Quaker Pagan, Pagan Quaker

Whilst Quakerism is rooted in the christianity, it is also open to new light from whatever source it may come (QF&P 1.02 §7)  and that for me is the revelatory springboard. ‘New light from whatever source it may come’ So, Friend go out and find it! When Alison and I ran our first Goddess and Green Man workshop at Woodbrooke four years ago, the ‘Pagan’ word was locked away in the closet.  For some Friends at that workshop, it was the first time they had uttered it in a circle of Quakers, and it proved to be a personal revelation when they did.  They weren’t eldered or admonished, or invited to attend a meeting for clearness.  They were accepted and loved as a part of the worshipping circle.  The poor old P word still carries a lot of baggage but one of the best interpretations I have read is on the BBC website – Pagann. One who adheres to a belief system outside that of established Orthodoxy. Two Quaker Pagans in Massachusetts run a really insightful blog about their spiritual journeys and their commentary on ‘What do you mean, Quaker Pagan?’ is the best I have ever read.

Kevin Redpath


Liberal Quakerism

The three tenets of Liberal Quakerism, as suggested by Pink Dandelion, that I mentioned in my presentation:

1/ That faith must be rooted in experience

2/ That it must be ‘relevant’ to the age

3/ That it should be open to new light

These combine to create a theology where revelation is seen as both continuous and progressive.

Wheel of the Year

During the weekend we touched upon the wheel of the year and the eight festivals.  If you would like to learn more about the traditions, crafts, celebrations and recipes you will find useful information and creative ideas on the Sacred Lore page at The Goddess and the Green Man.

In my presentation I touched upon the impact that a vision quest had on my life.  Pippa Bondy runs Vision Quests in North Wales and you can find more about her medicine work at: Ancient Healing Ways

I also referred to Chalice Well in Glastonbury and their public work with the cycle of the year and you will find some beautiful pictures on their gallery.

Imbolc / Candlemas

Winter Moon above Glastonbury Tor

Imbolc, in the Celtic seasonal calendar marked the beginning of the lambing season and signaled the beginning of Spring and the stirrings of new life. It is Feile Brighde, the ‘quickening of the year’. The original word Imbolg means ‘in the belly’, and therein you have the underlying energy. All is pregnant and expectant – and only just visible if at all, like the gentle curve of a ‘just-showing’ pregnancy. It is the promise of renewal, of hidden potential, of earth awakening and life-force stirring. Here is hope. We welcome the growth of the returning light and witness Life’s insatiable appetite for rebirth.

It is time to let go of the past and to look to the future, clearing out the old, making both outer and inner space for new beginnings. This can be done in numerous ways, from spring cleaning your home to clearing the mind and heart to allow inspiration to enter for the new cycle. (‘Spring cleaning was originally a nature ritual’ – Doreen Valiente). it’s a good time for wish-making or making a dedication.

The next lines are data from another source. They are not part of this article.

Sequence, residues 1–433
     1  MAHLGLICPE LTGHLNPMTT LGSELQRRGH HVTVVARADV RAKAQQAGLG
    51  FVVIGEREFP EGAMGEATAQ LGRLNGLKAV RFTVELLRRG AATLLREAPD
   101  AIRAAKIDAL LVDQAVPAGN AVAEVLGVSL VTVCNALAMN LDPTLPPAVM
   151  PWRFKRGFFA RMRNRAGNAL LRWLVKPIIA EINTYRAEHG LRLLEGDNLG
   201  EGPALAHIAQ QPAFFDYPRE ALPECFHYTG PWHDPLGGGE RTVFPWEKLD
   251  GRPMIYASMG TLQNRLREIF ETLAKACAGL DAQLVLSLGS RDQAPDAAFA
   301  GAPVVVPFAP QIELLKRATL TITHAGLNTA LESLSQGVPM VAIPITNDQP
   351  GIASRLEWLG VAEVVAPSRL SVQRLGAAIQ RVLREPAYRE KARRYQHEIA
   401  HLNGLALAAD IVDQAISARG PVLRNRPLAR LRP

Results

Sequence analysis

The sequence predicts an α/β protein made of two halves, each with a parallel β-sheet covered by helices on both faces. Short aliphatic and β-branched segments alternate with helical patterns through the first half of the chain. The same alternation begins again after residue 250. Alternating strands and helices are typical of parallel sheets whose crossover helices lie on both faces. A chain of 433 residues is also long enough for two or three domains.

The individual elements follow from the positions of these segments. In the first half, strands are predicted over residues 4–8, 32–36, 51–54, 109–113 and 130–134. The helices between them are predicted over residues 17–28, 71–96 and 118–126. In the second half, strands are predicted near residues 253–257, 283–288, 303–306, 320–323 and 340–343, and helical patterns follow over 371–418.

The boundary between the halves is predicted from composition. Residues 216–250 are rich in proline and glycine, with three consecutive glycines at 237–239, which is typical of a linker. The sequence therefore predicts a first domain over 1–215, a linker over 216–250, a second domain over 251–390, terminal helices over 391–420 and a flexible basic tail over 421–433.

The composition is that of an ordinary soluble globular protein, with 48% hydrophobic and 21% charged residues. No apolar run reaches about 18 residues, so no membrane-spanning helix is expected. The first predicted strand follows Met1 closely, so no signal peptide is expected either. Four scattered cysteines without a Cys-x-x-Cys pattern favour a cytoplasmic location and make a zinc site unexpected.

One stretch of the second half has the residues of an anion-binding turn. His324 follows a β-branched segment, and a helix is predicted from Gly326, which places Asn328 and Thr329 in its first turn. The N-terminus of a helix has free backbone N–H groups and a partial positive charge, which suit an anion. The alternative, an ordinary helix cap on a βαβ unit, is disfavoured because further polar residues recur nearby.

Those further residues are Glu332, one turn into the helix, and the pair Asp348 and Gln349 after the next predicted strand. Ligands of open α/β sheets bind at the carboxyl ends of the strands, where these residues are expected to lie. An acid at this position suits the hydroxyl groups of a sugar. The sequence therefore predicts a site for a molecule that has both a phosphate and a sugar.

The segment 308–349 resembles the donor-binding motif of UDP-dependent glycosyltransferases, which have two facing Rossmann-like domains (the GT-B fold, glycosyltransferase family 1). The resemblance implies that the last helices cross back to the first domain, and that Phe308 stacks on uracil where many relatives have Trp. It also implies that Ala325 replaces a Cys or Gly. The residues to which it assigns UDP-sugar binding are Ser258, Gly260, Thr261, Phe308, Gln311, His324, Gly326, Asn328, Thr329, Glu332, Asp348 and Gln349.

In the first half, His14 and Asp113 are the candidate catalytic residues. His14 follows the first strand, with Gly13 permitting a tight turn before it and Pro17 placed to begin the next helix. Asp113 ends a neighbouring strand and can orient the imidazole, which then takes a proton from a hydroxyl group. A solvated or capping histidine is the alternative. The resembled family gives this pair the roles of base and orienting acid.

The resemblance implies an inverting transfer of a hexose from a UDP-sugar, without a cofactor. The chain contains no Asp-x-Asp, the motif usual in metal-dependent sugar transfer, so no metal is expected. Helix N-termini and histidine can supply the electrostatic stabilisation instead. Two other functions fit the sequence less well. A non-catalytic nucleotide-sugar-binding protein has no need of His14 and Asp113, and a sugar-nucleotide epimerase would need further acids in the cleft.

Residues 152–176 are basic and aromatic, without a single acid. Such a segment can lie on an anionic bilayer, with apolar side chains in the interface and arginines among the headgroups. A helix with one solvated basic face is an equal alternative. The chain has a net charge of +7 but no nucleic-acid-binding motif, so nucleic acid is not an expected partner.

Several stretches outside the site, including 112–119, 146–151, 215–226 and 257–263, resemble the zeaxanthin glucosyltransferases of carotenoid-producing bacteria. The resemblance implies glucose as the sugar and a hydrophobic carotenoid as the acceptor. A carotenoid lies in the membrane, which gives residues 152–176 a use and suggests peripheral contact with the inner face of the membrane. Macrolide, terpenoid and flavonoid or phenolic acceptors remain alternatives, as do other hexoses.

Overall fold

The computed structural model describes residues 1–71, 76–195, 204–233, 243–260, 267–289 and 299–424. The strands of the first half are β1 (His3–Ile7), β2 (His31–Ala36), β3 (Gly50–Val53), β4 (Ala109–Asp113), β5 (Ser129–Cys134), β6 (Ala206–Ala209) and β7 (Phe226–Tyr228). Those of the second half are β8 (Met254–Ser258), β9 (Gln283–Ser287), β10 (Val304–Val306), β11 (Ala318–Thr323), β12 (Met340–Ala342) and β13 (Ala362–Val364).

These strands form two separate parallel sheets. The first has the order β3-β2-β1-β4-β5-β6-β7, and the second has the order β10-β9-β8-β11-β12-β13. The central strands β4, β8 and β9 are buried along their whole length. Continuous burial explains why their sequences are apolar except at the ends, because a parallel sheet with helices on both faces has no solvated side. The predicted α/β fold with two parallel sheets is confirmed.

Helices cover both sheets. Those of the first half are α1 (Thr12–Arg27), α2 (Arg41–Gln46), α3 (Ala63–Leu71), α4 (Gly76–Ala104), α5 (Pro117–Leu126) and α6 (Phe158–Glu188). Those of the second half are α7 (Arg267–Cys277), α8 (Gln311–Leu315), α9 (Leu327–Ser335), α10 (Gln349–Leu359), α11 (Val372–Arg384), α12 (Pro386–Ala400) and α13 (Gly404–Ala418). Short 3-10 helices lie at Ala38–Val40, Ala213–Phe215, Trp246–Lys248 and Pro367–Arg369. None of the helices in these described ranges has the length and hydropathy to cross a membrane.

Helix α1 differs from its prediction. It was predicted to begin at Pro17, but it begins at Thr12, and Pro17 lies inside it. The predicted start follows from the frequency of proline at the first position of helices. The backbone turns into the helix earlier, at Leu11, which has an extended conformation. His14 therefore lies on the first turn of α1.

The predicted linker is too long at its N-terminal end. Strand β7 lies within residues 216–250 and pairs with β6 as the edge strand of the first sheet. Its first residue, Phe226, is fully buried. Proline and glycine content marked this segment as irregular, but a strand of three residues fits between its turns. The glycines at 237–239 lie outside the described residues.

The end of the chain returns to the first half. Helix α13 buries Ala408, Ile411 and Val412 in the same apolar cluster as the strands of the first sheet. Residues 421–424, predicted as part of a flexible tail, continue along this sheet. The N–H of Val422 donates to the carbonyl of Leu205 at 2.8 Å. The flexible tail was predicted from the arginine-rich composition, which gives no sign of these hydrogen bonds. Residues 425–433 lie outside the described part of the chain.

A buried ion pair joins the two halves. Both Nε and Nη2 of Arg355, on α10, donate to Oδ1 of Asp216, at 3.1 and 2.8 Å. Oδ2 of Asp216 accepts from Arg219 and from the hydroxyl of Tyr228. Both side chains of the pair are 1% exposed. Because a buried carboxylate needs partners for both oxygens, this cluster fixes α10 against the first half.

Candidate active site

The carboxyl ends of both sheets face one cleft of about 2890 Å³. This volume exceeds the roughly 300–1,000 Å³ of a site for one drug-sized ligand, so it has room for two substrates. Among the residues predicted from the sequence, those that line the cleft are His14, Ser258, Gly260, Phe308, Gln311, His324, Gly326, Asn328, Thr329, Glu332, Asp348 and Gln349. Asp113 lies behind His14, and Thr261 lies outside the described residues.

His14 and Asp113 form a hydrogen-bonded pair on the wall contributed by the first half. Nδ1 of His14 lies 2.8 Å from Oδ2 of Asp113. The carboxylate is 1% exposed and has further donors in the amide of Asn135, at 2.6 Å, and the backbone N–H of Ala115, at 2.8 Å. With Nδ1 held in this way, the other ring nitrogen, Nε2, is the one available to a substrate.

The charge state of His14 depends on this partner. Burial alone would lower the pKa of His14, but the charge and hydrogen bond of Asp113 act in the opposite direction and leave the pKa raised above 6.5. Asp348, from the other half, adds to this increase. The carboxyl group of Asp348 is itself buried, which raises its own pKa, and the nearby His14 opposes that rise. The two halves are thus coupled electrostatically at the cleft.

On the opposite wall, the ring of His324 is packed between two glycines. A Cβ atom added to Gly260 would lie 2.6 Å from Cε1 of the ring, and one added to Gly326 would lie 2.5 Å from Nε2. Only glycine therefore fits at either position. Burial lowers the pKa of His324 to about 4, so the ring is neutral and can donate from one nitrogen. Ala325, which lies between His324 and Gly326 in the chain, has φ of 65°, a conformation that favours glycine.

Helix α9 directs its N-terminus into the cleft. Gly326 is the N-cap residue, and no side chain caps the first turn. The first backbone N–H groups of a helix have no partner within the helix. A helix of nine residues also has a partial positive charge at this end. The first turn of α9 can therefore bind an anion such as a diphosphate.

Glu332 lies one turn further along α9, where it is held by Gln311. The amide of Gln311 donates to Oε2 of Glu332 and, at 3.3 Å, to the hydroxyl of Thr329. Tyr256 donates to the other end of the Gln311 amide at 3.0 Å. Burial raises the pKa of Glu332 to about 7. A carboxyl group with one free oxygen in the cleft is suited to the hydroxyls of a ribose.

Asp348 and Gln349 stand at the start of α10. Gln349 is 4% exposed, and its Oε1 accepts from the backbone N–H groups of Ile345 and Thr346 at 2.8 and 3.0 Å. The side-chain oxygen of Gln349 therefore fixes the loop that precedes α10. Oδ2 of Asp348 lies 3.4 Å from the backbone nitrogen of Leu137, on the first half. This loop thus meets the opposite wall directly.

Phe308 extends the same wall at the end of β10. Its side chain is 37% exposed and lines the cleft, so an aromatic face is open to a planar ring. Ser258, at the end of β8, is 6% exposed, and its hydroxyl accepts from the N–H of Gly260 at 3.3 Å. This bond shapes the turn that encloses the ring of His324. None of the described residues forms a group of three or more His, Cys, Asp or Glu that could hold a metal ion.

Imbolc is traditionally the great festival and honouring of Brigid (Brighid, Bride, Brigit), so loved as a pagan Goddess that her worship was woven into the Christian church as St Bridget. She is a Goddess of healing, poetry and smithcraft. She is a Goddess of Fire, of the Sun and of the Hearth. She brings fertility to the land and its people and is closely connected to midwives and new-born babies. She is the Triple Goddess, but at Imbolc she is in her Maiden aspect.

Some of the symbols attributed to Brigid are:

The Snowdrop The first gift of Spring in the bleakness of Winter.

The Swan The swan mates for life and represents loyalty, fidelity and faithfulness. Swan feathers are a powerful amulet.

The Flame Imbolc is a Fire Festival and fire of all kinds is associated with Brigid – the fire of creativity, the protective hearth fire, and her fire wheel – the Brigid Cross, which heralds her as a Sun Goddess.

Brigid’s Cross This is a traditional fire wheel symbol – found at the hearths of homes throughout Ireland and beyond as a symbol of protection. A customer in the shop recounted finding a hearth in Ireland, in recent years, adorned with over 200 Brigid Crosses – 200 years in the life of a hearth and a family, overlit and protected by Brigid.

Brigid Doll A very old tradition involved the making of a Brigid doll which can be included in ceremony and/or placed in ‘Bride’s Bed’ to bring fertility and good fortune to the home.

The Serpent In Celtic mythology Brigid was associated with an awakening hibernating serpent which emerged from its lair at Imbolc. Traditionally serpents were associated with creativity and inspiration – the powerful Kundalini energy of the Eastern Mysteries. Paths of earth energy were called serpent paths and at Imbolc they are stirred from their slumber.

Sheep Brigid’s festival is at the beginning of lambing – eat ewe’s milk cheese!

Imbolc Colours White and silver for purity, green for the fresh burst of life.